So I started "Teacher Voices" to feature and honor what teachers are doing, to offer them a place for their voice, their perspectives, to get their opinions and experiences out there -- even if it's on a small scale, like my blog. Too frequently, teachers are not asked what they think. And even when they are, it's sporadic.
Tell us about your Kindle Classroom Project.
Before coming to Envision, I taught at a charter school in San Francisco that was similar to (most) charter schools in that there wasn't a huge budget for books. But obviously I wanted my students to read independently, and voluminously, because we know that reading identity and reading skills come through reading a lot of text. But what I found was that it was impossible to fundraise enough money to get enough books, plus some reluctant readers didn't think reading physical books was cool.
One day, out of exasperation, I loaned my personal Kindle to a student who was a reluctant reader; he loved it. So I thought it might be a good idea to ask other people for their used digital reading devices and to see what would happen. For the first year, there were on five to eight devices, and I loaned them out. I noticed that really skilled readers liked the devices and so did really struggling readers, particularly boys. In particular, struggling readers liked the coolness of the tech, that you can make the text bigger, that you can look up words, that you can have text to speech, and that you can hide what you're reading.
And because I already had a blog, I started writing about this effort to put digital reading devices in students' hands. As time went by, more people found my little project, and more people donated.? I recently received my 200th donated Kindle, which is great. We have over 1,200 students enrolled in three high schools, so the demand is still very much there.
I think the Kindle project increases reading interest and skills in many ways. First, students have 500 plus, high-interest books to choose from. These are not boring books. When students request a book, I buy it, and then it's available to everyone. This obviously can't happen with physical books because there is only one copy of a physical book at a time. Students who are re-emerging readers don't have the consistent habit or interest to read, and that has to be built, so being loaned a reading device means that an entire library is in their backpack at all times.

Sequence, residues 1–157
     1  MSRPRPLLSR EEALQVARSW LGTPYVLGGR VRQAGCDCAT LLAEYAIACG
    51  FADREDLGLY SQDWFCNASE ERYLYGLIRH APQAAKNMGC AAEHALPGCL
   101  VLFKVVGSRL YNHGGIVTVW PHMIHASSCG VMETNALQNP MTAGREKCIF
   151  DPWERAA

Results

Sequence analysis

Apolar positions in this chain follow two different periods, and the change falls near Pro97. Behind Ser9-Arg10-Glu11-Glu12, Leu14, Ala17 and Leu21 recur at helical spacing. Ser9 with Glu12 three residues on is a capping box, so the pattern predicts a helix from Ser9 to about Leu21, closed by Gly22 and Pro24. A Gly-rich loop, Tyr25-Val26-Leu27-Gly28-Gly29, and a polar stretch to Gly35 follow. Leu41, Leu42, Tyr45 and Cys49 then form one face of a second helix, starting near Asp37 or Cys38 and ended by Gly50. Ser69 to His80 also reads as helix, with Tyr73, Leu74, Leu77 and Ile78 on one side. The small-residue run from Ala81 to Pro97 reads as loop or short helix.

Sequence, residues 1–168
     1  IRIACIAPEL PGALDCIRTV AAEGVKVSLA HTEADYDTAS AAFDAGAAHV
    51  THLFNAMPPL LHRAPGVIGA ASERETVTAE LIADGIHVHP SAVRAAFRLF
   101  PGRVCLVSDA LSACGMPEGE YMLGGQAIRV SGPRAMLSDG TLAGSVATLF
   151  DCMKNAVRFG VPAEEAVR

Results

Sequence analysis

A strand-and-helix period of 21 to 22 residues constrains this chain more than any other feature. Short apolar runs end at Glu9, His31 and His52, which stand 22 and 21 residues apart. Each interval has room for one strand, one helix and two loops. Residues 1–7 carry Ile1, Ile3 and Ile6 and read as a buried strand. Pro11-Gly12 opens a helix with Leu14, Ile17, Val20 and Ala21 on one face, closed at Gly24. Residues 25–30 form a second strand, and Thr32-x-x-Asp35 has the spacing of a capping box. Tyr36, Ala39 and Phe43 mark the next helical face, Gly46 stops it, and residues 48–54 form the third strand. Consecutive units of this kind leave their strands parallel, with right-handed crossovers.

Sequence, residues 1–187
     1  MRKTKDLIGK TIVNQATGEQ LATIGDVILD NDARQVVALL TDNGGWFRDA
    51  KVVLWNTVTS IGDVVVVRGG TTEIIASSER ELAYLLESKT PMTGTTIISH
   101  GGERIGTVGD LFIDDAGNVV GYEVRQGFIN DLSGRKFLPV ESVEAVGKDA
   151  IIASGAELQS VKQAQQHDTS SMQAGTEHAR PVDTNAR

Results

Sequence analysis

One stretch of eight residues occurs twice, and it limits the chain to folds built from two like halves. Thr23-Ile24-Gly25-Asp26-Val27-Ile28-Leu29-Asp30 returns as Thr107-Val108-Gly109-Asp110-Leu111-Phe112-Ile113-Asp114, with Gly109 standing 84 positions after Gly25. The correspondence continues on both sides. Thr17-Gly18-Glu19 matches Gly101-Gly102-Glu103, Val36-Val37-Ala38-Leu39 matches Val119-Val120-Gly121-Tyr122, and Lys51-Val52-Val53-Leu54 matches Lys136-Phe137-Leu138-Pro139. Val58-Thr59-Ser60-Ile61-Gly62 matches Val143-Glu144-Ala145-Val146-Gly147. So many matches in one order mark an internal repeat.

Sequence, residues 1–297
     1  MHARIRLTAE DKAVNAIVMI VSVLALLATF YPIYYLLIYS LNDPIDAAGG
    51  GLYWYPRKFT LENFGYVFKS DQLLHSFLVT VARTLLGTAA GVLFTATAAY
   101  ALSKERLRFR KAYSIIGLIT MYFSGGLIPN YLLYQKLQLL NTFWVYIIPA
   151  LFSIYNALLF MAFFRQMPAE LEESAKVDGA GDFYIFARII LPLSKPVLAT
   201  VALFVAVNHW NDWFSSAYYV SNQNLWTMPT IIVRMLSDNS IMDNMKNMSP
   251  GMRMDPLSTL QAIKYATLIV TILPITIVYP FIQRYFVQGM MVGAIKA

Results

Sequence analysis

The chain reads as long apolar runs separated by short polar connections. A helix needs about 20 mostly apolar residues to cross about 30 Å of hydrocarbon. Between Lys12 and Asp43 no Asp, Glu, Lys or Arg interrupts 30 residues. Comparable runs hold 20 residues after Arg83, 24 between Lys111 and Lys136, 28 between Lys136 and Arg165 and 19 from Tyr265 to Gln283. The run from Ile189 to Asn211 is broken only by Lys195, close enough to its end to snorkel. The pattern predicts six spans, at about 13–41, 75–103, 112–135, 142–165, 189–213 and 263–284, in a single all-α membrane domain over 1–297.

They don't have to worry about stepping foot in a public library or dealing with old fines, or being talked-to by a librarian. They don't have to check anything out. They don't have to get a library card, or return a book, or take care of it, or worry about losing it. All they have to do is keep their reading devices nice and safe. When they want a new book, they just type it in, and it's either on the Kindle, which means they can download it immediately, or they send me an email, and I buy the title and deliver it to them.
As far as increasing reading skills, my most recent "scientific" study came two years ago when I compared reading gains at our school in Oakland, Envision Academy. Students with digital reading devices increased their reading skills an entire grade level more than students who did not use a digital device.
Right now, my goal is to acquire 300 devices so that all our schools can offer them to every single student in one grade level. My bigger idea is that in the future, students would receive a device in ninth grade that they could keep, at least for the duration of their high school career, and perhaps permanently.
You can read more about Mark's Kindle Project on his blog website, Iserotope.